I have declared war on crepe myrtles. I know they probably don’t deserve it, but I have this thing about plants that everybody has. And down here, everybody has
crepe myrtles. It’s like monoculture landscaping, and it can’t be
good for the bees. Anyway, the thing about crepe myrtles is that
if they are sufficiently ignored for long enough, they will create many,
many volunteer trees, most of them in places they have no business
growing. And the other thing about crepe myrtles is that many
people regard them as bushes and plant them accordingly, smack up next
to the house in the front flower bed. But the crepe myrtle is a tree, and if you ignore it (sufficiently), it will turn into a tree,
and there goes your gutter. Our neighbor has a gorgeous, huge
crepe myrtle in her front yard, but most crepe myrtles are never given
that amount of space or time. Instead, they’re planted in the
wrong places and then cruelly topped. All of which is to say that I
spent a beautiful late summer day wielding a pair of giant pruning
shears against dozens of juvenile crepe myrtles growing in every single
landscaped bed we have. I even bravely made a start on the two
trees in the front of the house that make eerie, creaky noises against
the gutters when the wind blows. Those, I’m afraid, will require a
I’m working on crepe myrtles because my garden is defunct. When
we came home from visiting my parents Labor Day weekend, one of my bean
towers was blown over and the other was leaning drunkenly. It’s
not like I got a lot of beans out of them anyway. Time now to get
another load of dirt for the raised beds and plant some fall crops, like
lettuce and kale.
The blackberry bushes are bearing nicely, especially considering that
this is their first year. I love blackberries. I often
wonder about our big blackberry bush in the garden in New York.
Hurricane Irene devestated Schoharie County,
but our old house was not in the way of the worst floodwaters.
Still, I wonder, did all the water coming down that hill demolish the
orchard? What about the blackberry bush?
This is the risk of planting things. A piece of you stays in the ground, too.
Which is to say, we have been horrified by the news coming out of
upstate New York. Some of Andy’s coworkers lost their homes.
The towns that formed the place we called home for 5 years are some of
them completely obliterated. It’s all very surreal when you’re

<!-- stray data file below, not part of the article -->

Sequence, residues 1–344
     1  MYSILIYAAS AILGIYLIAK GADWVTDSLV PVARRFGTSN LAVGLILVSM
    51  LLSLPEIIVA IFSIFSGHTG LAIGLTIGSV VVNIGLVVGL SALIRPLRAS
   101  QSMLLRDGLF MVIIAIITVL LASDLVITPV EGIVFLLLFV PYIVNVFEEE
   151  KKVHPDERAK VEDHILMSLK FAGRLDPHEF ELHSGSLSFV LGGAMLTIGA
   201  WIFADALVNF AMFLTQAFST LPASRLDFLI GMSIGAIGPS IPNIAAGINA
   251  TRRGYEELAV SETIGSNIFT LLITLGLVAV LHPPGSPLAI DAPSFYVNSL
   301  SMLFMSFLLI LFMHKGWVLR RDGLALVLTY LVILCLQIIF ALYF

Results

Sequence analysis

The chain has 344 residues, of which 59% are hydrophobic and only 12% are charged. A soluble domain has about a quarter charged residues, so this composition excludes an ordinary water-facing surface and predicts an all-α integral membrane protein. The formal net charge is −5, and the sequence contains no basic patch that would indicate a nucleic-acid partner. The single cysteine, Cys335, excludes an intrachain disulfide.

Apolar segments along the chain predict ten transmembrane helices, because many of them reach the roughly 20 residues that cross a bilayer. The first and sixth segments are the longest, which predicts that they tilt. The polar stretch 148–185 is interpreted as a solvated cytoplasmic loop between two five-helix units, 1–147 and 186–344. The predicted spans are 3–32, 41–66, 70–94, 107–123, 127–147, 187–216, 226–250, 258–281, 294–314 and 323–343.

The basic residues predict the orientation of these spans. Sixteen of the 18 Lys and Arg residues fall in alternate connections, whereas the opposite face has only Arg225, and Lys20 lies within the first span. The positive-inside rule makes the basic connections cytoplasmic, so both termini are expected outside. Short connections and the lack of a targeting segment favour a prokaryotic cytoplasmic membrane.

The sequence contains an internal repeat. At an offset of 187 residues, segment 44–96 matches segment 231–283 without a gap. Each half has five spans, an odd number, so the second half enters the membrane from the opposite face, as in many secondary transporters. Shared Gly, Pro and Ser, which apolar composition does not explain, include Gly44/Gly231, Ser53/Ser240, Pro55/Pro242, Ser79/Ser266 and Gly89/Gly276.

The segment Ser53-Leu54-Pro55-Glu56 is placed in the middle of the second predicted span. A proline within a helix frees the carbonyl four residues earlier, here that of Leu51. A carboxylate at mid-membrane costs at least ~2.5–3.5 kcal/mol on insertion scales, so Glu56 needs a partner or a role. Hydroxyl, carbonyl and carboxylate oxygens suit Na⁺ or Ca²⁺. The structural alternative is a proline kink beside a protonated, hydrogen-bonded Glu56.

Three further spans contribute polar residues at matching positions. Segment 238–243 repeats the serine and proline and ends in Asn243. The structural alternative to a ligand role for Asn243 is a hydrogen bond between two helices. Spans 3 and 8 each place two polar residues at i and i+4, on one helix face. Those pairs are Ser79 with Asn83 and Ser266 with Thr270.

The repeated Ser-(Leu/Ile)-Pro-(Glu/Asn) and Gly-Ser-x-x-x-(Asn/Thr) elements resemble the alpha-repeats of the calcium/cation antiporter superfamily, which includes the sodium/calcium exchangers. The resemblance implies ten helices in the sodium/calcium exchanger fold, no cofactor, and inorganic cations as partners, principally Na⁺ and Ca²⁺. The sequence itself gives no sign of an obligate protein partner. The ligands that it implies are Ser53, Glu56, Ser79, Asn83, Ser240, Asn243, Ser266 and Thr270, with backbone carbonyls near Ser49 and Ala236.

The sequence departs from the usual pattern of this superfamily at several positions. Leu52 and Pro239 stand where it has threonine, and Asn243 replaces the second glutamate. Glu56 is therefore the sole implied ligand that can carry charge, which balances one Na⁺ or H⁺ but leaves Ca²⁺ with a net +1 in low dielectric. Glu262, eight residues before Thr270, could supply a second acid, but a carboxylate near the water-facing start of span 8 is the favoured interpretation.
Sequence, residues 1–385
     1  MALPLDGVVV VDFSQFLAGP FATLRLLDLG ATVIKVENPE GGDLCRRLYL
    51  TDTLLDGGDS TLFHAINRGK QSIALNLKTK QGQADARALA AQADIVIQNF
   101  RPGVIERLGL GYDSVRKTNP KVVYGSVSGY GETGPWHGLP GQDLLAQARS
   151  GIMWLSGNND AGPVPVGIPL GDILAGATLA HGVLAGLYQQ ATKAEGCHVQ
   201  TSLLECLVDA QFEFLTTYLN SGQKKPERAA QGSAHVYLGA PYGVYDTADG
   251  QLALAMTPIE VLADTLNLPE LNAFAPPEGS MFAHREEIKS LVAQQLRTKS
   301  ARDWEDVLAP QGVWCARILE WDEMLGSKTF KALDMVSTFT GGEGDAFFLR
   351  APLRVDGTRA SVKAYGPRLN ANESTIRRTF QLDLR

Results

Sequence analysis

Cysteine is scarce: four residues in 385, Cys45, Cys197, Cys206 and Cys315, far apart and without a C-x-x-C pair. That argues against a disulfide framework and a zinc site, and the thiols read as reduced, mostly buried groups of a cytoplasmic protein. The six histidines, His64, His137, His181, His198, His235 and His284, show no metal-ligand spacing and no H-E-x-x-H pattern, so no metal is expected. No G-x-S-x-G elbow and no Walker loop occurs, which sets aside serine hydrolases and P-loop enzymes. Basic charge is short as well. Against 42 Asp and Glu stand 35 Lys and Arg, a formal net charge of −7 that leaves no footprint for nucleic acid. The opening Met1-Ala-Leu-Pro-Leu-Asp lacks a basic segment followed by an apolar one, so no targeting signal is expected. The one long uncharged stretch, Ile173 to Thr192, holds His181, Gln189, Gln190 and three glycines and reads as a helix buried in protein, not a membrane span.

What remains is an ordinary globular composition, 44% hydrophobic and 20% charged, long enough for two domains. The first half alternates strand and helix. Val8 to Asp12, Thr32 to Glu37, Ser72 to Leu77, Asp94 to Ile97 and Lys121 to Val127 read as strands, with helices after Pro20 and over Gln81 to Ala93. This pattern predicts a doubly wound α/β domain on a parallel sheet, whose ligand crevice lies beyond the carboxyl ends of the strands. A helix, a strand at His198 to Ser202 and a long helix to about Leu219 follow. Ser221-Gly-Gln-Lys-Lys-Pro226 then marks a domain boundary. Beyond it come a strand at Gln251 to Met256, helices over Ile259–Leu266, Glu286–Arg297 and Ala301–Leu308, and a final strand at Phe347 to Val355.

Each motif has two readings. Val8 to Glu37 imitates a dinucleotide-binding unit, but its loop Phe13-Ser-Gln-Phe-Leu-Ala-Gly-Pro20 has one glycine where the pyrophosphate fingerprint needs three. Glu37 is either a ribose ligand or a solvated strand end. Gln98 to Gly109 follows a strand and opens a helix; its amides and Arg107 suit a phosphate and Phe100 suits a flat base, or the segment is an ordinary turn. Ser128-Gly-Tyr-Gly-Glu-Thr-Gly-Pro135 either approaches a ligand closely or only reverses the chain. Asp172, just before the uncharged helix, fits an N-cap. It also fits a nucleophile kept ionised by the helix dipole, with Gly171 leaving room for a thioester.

this far away and friends send you photos and videos. You just
thank God that there was no loss of human life.
Because I am a worrier, I wondered what Tropical Storm Lee would do
if it dumped 10 inches of rain on my parents’ house. If the power
went out, would we have enough food to feed our big family? Was there
enough Chunky Soup in the pantry?
These are the things that will keep you up at 3 AM when you’re trying
to sleep in the 6 inches of space left on the bed beside the baby.
Fortunately for us, the rain and wind weren’t that bad, although it
was cold for the second week in September — unheard of cold! 60 degrees
and raining! — and a dead tree did fall across the sidewalk. Of course
they had to evacuate again in upstate New York.
On our way home, we drove out of the rain into sunshine. The
rain gauge in our front flower bed held less than a half inch of
rain. The azaelas in back look wilty and parched in spite of the
And the wildfires in Texas… good night. My dad says this is how
they make averages: floods and droughts cancel each other out.
Well, this didn’t start out as the natural disaster Seven Quick
Takes, but I guess it’s been on my mind. I went to Costco the day
after we got back and stocked up on some things we were out of, or
almost out of: canned salmon, olive oil, paprika. (I guess
sometimes I use a lot of paprika.) They had tortellini, which I
should have bought more of in case they don’t have any when I go back,
and I also saw organic strawberry spread, which I haven’t seen in a
year. So I bought 3 jars. If we were to have to eat out of
the pantry now, our meals would consist of nut and seed butters, salmon,
canned beans, tomatoes, pineapple, Goldfish crackers, and strawberry
In case you’re wondering, I am still eating grain-free as much as
possible. In a little over a year, I’ve lost about 50
pounds. 20 pounds was cheating because it was baby weight, but 30
pounds was baby weight x the 6 previous babies. I am getting to
the point where I have been forced to buy new clothes. I miss
bread and my corn allergy annoys the heck out of me because I can’t eat
corn on the cob or Chinese food at a restaurant because there’s
cornstarch in the sauces, but otherwise, I’m ok eating this way.
My kids, however, are not. Having enough meat on hand to fill them
up with a grain-free dinner is a real problem, especially considering
that my 14 month old has begun eating the same amount as the 4 year old
or the 5 year olds. That said, I saw a lot of benefits to the kids
with grain-reduced eating, and I want to reduce the grains they’re
eating again, but I can’t seem to stop feeding them toast for breakfast.